A Different Kind of College and University Ranking

Washington Monthly has recently published its college and university rankings, and the result is much different from the more traditional kinds of rankings published by outlets like U.S. News & World Report. Conceived of as a counter to the U.S. News rankings, which emphasize admission rates and prestige, Washington Monthly‘s rankings focus on “how well individual colleges and universities were meeting their public obligations in the areas of research, service, and social mobility” and rank schools accordingly. Factors analyzed include the number of students admitted with Pell Grants; an emphasis on community service, including the amount of work-study money used and the numbers of graduates who join post-graduate service programs like AmeriCorps and the Peace Corps; graduation rates; and what graduates go on to do with their lives, including attend graduate or professional school. As a result, schools that usually fair quite well in the U.S. News rankings, like Princeton and Yale, fair much more poorly in Washington Monthly‘s rankings. On the other hand, colleges and universities like Morehouse College in Atlanta, Reed College in Oregon, Wellesley, Smith, and five University of California campuses (San Diego, Berkeley, Los Angeles, Davis, and Santa Barbara) do quite well in Washington Monthly‘s rankings, due to the diverse populations they serve, their high graduation rates and commitment to service, and the success of their students after they graduate. In response to the claim made by some schools that rankings don’t prove anything, the editors of Washington Monthly contend,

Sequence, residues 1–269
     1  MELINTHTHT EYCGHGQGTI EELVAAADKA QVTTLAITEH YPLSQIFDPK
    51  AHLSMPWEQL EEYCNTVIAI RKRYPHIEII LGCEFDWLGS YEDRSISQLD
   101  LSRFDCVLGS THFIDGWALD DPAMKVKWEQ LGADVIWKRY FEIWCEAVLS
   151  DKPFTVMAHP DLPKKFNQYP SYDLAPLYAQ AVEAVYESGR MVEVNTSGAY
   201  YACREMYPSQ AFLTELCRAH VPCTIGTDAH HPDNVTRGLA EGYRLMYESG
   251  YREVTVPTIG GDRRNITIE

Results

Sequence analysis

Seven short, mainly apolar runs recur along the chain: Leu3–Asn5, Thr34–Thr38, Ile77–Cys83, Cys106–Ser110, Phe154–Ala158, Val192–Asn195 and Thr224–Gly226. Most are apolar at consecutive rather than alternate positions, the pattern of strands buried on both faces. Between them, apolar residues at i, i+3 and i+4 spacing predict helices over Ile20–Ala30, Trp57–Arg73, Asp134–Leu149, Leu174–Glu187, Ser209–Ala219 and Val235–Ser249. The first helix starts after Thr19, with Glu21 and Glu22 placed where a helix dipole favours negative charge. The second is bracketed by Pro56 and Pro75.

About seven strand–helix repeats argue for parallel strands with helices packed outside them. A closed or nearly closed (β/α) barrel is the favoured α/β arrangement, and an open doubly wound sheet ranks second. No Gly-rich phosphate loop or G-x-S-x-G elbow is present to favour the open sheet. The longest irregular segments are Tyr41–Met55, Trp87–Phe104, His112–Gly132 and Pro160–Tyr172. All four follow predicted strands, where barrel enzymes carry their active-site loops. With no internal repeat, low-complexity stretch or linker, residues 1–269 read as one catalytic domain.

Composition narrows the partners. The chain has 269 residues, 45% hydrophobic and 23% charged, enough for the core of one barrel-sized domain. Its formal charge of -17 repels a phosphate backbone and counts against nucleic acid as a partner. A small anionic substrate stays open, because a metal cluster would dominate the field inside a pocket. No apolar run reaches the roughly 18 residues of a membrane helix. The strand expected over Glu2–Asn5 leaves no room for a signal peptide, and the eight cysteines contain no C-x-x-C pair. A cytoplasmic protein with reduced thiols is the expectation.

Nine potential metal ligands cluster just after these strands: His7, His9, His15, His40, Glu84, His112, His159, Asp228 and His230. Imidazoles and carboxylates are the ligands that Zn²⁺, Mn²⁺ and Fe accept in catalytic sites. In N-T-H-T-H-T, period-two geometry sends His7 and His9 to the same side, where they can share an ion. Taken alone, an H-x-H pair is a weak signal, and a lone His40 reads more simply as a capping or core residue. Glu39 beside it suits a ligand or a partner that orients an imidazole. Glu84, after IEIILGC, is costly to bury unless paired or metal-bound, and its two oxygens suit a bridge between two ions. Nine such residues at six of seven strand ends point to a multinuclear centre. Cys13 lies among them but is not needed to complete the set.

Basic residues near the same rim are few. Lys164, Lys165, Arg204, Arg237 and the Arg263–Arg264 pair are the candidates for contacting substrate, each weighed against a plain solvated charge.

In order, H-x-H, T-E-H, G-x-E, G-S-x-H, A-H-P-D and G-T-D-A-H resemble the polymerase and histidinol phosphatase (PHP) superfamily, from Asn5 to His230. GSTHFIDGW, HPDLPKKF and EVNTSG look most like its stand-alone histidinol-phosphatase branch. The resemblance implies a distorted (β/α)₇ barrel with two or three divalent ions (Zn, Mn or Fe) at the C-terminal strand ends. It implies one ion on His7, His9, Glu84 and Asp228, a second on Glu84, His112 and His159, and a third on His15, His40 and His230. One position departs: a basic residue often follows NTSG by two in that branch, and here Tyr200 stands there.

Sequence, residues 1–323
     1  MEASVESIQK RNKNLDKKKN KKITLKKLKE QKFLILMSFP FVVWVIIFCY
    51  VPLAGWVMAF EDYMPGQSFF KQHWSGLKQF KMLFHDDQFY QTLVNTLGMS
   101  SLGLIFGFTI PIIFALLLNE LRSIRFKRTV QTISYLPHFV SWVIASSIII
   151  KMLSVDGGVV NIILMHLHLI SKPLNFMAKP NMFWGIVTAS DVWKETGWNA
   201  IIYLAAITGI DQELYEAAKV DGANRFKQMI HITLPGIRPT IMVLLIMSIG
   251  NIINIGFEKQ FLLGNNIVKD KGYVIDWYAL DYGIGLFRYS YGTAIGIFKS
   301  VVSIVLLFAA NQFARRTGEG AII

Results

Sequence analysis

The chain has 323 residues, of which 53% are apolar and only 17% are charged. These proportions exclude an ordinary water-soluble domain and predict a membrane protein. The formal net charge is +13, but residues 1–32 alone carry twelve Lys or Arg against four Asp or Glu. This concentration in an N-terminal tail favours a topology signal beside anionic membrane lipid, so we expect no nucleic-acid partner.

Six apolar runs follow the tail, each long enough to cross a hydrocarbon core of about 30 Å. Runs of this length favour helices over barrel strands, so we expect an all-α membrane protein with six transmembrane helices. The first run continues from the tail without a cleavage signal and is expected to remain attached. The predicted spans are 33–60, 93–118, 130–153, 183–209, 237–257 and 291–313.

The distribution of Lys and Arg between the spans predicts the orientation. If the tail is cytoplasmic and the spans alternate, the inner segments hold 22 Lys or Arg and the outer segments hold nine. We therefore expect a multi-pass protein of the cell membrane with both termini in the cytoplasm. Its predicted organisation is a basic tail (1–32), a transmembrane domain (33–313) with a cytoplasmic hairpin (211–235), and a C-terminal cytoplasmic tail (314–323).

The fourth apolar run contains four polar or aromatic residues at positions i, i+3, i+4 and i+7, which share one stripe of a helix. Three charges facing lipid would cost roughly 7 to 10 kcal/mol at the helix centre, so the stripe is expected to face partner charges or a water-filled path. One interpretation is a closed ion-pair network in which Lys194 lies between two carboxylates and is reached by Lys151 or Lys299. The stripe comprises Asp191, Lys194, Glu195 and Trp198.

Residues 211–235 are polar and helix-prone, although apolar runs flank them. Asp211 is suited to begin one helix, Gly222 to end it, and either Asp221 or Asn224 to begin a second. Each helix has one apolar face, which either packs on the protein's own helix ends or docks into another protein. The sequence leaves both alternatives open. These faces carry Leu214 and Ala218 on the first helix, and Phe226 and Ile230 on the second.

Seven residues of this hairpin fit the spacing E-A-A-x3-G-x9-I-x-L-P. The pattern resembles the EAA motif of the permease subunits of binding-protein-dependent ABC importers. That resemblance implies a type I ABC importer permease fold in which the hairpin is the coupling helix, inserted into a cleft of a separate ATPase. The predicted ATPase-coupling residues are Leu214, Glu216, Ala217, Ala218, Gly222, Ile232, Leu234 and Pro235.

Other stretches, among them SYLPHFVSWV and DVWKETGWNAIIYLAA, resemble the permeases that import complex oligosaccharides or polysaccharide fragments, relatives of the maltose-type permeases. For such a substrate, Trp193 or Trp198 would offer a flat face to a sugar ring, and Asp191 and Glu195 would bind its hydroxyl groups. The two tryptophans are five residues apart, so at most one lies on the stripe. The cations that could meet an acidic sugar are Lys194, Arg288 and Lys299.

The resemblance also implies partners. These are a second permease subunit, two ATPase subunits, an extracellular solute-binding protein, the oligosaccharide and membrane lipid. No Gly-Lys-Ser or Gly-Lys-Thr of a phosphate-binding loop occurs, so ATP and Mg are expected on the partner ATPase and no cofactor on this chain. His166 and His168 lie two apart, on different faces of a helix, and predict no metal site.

“While colleges do have a point when they complain about U.S. News’s ratings, the problem isn’t that U.S. News ranks colleges, but that it does so based on the wrong factors—like wealth, fame, and selectivity—that incentivize college administrators in the wrong ways. A college president vying for rankings glory on our list, by contrast, would have to enroll more low-income students, help them earn degrees, orient academic programs toward service, and invest in new scientific research. The country needs more of that kind of competition, not less.”

Read more and see the rankings in Washington Monthly.

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